So we're resisting getting into a fool's gold arrangement, in which several bad things will happen. First of all, these halfway proposals won't succeed in the goal of spreading coverage to everybody. It won't happen. Second, they'll be very costly fiscally.
And perhaps most important, they fix the idea in the popular mind that the government can't do anything right. I remind you that this is a touchstone of conservative politics, and proposals like these are how they make it happen. We don't need that kind of pessimism in facing this huge social problem.
THE PNHP Web site had a speech from Barack Obama from a few years ago in which he supported single-payer.
WE PUT up one of the speeches, but there are at least a half-dozen recorded statements by Obama where he supports single-payer as the best answer. You know the rest.
WHAT WOULD you say happened to him between then and now?
I CAN'T get inside his head, but the facts are that no more than four or five years ago, maybe fewer, he went on record publicly saying that he was for single-payer health--that this was the best way to go.
But as his fortunes rose, and he went from being an obscure state senator in Illinois to the leading political figure in the world, his characterization of health reform changed more and more in the direction of centrist ideas--which is a polite term for big business control of the system.
The Obama I know--he's my neighbor, and we've supported his political career because it is supportable--is very smart; everybody recognizes that. It's not Bush-like stupidity that explains support for mistaken alternatives. I think they're calculations of what he thinks is possible to achieve--a notion of compromise that will include people.
But sometimes there are compromises that don't work. I give you human slavery in our country's 19th century experience. It was clear by the mid-19th century that slavery was incompatible with the survival of the country. And we had a ghastly Civil War to pay for it. The fact is that all the compromises of the first half of the century didn't work. The contradictions got worse.
You could cite other measures--women's suffrage, all of the New Deal reforms, unemployment insurance, Social Security. Those things came to be because not doing them would have been destabilizing.
I think we're in that position with health care. Because of its enormous economic impact, we're going to have to face up to the contradiction and have a reasonable system, so that our country can go forward.
ALONG THOSE lines, there were social movements--the abolitionists, the women's movement--that helped make those achievements possible. Can you talk about that a little? What do you think will get single payer on the table?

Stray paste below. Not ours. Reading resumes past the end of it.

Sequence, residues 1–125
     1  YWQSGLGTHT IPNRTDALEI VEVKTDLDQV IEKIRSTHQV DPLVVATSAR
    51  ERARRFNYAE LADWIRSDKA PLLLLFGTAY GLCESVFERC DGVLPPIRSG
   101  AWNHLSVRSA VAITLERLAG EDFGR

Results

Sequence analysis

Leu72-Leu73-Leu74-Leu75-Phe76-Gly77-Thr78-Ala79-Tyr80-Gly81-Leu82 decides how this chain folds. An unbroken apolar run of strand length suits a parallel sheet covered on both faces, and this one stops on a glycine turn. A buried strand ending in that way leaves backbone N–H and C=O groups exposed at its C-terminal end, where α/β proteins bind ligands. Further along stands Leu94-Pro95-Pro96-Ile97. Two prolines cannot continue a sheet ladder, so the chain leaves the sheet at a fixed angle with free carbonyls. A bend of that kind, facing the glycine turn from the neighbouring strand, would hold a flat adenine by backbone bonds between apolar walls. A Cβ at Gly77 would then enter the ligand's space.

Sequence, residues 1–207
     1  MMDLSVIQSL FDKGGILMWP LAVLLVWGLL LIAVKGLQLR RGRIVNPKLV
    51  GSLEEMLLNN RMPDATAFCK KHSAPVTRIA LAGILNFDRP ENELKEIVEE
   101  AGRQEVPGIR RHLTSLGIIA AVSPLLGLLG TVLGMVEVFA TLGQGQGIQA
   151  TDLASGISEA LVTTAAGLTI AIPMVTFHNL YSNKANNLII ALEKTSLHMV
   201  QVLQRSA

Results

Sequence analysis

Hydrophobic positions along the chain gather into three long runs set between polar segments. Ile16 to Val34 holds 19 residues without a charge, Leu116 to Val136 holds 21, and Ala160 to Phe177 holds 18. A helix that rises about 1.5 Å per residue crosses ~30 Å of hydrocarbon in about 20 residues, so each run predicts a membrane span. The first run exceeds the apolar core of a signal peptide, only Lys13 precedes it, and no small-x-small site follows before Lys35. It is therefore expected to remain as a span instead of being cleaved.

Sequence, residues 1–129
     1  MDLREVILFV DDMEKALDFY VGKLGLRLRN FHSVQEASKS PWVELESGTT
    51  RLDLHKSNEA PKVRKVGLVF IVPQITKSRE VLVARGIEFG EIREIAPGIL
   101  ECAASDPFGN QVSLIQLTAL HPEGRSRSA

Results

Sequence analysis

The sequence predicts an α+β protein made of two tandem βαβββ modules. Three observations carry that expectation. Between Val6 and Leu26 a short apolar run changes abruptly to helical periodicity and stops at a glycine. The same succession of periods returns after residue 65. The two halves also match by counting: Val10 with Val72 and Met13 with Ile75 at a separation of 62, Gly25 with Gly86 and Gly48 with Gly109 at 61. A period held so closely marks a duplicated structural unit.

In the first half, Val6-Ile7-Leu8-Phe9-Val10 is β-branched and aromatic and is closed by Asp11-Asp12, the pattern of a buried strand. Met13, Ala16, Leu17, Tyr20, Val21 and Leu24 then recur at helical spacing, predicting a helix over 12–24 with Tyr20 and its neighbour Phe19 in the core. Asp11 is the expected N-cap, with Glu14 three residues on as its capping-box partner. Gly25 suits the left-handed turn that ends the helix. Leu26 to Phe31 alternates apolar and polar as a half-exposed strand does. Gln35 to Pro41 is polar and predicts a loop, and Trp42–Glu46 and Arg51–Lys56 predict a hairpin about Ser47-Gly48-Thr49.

THERE'S NO question that there will need to be a movement. This isn't going to happen because it's a great idea or there'll be a sudden conversion of congressional leaders. It's going to take a push from below--a big one, just as with civil rights and the women's movement and the anti-slavery movement, to name a few. And when that movement actually takes off, this will come faster than we could ever hope. That's what it's going to take.
And I'm happy to report that we as a single-payer movement are stronger now than we've ever been. But we're not, I have to add, nearly strong enough to make it happen.
People who know me think I'm dangerously optimistic, and I plead guilty to that. But what I'm about to say is not in that spirit.
We have a much harder fight. There's been a 20-year period of right-wing domination of the debate and political power, not to mention literally hundreds of millions of dollars spent for lobbying by various interest groups. We've been in wars that made no sense, and we're still in them. Our economy, which was so robust and seemed so prosperous, no longer is. So we have a much more complicated political challenge.
The trade union movement gives a lot of lip service to single-payer, but hasn't shown nearly the kind of strength that, for example, the British labor movement did after the Second World War. The first act after the war ended was the enactment of the national health system, which has been a tremendous success in the last half-century.
We have to have those kind of events. Labor has to be much more militant and effective than it is now. Happily, there's more support for single payer in labor than there ever has been. But it's not sufficient by itself.